By Robert E. Harris
In this section of the Journal of Maronite Studies (JMS), we bring you travel accounts of past and current travelers who have written about the Maronites and their environments. These accounts represent the views of their author(s). They may be edited for clarity and style.
An American of Lebanese descent finds his way to Lebanon after many
years of longing to see his grandparents'homeland.
The Maronites in Lebanon should take heart and know that they are remembered and thought of often by others here. Not just by recent Lebanese emigrants to the United States, but also by descendants of those who left Lebanon long ago. May they forever remember that their lives will impact future generations, just as the Maronites of Lebanon before them impacted on every generation of my family in immeasurable ways. This article is a tribute to the Maronites in Lebanon. It is an honor for me to share part of my journey.
If my grandfather, Sarkis Bris al-Shidyaq, were here today, this is what I imagine he would think at this point and the power of suggestion would capture his audience until he was finished. "See the fire in my eyes, erase all distractions, listen to my voice, and pay attention for I am about to tell you a story."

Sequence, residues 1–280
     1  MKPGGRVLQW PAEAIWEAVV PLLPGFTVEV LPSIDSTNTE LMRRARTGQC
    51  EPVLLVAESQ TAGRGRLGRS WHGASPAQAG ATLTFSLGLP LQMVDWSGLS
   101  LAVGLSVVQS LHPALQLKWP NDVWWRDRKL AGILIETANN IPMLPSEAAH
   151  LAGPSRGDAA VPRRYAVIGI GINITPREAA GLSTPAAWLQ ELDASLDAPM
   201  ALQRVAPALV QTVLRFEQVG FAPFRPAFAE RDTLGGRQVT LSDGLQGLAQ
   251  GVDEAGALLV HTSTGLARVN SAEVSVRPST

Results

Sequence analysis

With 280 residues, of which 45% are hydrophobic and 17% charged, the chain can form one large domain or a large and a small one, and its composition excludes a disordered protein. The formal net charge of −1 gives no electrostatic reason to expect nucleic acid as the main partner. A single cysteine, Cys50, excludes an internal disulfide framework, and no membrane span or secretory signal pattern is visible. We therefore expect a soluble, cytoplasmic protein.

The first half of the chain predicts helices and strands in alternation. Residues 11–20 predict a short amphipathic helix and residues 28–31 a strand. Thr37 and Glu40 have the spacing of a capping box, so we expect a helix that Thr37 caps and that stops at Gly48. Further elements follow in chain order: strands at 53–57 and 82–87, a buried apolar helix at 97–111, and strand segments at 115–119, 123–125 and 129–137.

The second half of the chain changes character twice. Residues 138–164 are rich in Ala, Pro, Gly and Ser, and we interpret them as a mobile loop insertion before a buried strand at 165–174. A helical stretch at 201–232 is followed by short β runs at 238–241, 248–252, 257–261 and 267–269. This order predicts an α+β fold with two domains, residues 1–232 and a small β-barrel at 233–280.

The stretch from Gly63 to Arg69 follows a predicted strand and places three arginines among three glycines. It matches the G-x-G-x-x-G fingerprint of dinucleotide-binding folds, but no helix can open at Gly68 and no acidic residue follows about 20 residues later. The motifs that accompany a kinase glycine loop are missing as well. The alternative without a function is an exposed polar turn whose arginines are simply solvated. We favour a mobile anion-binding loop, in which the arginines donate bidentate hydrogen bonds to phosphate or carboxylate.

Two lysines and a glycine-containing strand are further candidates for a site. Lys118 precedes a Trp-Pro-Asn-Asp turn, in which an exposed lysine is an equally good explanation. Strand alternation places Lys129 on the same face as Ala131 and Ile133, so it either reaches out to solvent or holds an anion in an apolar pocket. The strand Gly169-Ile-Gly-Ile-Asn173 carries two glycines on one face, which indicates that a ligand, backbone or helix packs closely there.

Where Are You From?
When I was 21 years old and just out of college, I found my way to New York City and went to work for Citibank. When I went to look for an apartment, the owner of a brownstone apartment building, an energetic Greek man, asked me where I was from. I replied, "From Wellsburg, a small town in West Virginia -- near Wheeling."